Ch. 4, Verses 14 –32
Vibhuti – Avatar
Divine Birth and Divine Works
We shall continue with this subject of Avatarhood, because there is the ‘internal’ aspect of Avatarhood, the ‘mystical’ aspect of Avatarhood.
The Divinity taking hold of a human form, the descent of the Divine Himself, and assuming the Divine that is in the human, and assuming the humanity itself through the human form, is always a phenomenon of tremendous significance. To understand this better, we may have to distinguish it from many other forms in which Avatarhood is conceived: for example there is the concept of vibhūti as distinguished from avatāra. The Vibhuti is always, is very often…Vibhuti is conceived as a special manifestation of a given quality of the Divine, and usually people call Vibhuti an Avatar.
But there is a great distinction between the two. In our recent examples of our Indian History, Sri Ramakrishna declared Himself to be the Avatar; Swami Vivekananda was a Vibhuti. From an external point of view, you might say that Vivekananda, he made a tremendous impact on the world, and manifested a tremendous power of personality, but he never called himself an Avatar. In the case of an Avatar, there is of course an extraordinary manifestation of a quality; you might say that every Avatar is in a sense a great Vibhuti but not vice–versa. Every Vibhuti is not an Avatar.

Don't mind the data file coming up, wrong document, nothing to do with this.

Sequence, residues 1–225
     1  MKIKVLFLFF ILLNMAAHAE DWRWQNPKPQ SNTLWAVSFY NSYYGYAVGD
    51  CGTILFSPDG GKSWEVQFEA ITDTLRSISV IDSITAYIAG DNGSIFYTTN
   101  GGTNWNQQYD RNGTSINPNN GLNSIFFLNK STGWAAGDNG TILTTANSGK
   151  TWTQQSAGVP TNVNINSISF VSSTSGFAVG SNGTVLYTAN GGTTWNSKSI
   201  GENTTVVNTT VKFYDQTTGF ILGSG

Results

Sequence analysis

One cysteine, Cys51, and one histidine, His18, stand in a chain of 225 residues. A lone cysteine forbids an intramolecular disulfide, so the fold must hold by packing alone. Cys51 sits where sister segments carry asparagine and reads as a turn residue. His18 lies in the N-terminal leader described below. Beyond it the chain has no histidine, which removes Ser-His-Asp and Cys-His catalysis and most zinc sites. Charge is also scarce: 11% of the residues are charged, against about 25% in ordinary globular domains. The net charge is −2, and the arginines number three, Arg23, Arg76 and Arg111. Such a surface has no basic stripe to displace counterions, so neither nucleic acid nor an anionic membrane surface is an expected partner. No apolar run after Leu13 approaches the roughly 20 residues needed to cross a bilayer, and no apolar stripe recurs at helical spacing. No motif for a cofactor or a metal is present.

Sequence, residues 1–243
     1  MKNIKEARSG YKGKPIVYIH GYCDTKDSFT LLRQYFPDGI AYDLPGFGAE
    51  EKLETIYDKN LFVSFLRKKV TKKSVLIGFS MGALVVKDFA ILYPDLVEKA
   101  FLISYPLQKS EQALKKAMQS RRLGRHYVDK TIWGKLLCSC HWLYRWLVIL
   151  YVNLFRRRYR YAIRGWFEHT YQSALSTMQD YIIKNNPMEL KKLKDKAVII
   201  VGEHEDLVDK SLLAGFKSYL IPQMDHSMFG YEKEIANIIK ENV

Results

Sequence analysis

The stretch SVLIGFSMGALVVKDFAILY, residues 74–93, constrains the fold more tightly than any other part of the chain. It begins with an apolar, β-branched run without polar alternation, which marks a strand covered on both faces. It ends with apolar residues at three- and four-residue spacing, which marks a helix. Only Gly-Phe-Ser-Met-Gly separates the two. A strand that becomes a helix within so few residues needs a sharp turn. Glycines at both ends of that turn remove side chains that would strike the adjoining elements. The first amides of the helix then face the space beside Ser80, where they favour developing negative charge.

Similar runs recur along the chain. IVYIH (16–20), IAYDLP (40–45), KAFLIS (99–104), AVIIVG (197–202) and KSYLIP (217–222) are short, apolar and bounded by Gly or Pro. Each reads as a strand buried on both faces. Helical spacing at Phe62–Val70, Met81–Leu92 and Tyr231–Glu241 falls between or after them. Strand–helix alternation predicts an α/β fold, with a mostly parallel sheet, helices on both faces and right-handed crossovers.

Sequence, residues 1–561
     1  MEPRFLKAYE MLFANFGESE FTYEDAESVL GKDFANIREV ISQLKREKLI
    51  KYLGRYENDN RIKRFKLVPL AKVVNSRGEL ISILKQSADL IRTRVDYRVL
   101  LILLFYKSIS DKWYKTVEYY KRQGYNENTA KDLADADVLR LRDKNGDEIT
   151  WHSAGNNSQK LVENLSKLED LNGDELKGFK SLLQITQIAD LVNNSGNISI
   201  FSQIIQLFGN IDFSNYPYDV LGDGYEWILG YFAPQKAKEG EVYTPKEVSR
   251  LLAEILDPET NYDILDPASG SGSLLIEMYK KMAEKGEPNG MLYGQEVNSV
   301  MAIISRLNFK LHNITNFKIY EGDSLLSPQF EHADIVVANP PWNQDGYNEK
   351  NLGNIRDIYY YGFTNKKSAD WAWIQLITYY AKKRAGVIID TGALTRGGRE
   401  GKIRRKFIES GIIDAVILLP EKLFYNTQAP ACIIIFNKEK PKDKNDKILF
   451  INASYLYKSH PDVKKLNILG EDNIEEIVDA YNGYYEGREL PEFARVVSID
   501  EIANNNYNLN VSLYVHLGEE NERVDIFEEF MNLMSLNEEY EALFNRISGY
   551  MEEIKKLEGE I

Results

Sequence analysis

Vibhuti is actually a human phenomenon: it is not a divine phenomenon. The Divine does not come down, does not descend: it is the human being ascending upwards, and manifesting the powers of higher levels of consciousness. And as you rise higher, you approximate the Divine nature and some qualities of the Divine nature begin to manifest through you. In the case of the Avatar there is from above, the Divine coming down, and holding a human form.
Sri Krishna says Himself in the Gita (there is one full chapter in the Gita called Vibhuti Yoga) and Sri Krishna explains what are the Vibhutis, and He says, “Among poets I am Ushana, among Pandavas I am Arjuna, among Vrishnis I am Krishna”(X,37), whichever is a superlative manifestation in any gradation of human life, is a Vibhuti.
There is also a view that some of the weapons of the Divine, (this is the special view of the Vaishnavas), that the weapons of Vishnu they become manifest in human forms, and they are also called ‘Avatars’; but avatars not of the Divine but of the special weapons, and each one works out as a weapon, which is specific to that particular consciousness. Some may be simply a trident, or it may be a drum, or it may be a musical instrument: each one of them is a special manifestation, and one becomes superlative in that particular line of development. And normally people call them ‘Avatars’, but they are not real Avatars in the real sense of the term: they are Vibhutis.
There is another kind of manifestation. In a sense you might say, that every liberated soul is an avatar. In a state of liberation what happens is that you are able to come out of your normal human nature: you rise upwards, and meet the Divine. In answer to that, the Divine Himself descends, and this descent takes place in various forms: there is one form in which one becomes ‘one ’with the Divine. There is the concept in the Gita of brahmabhūta: one becomes the Brahman. And when you become one with the Brahman, you begin to delve in the Purushottama.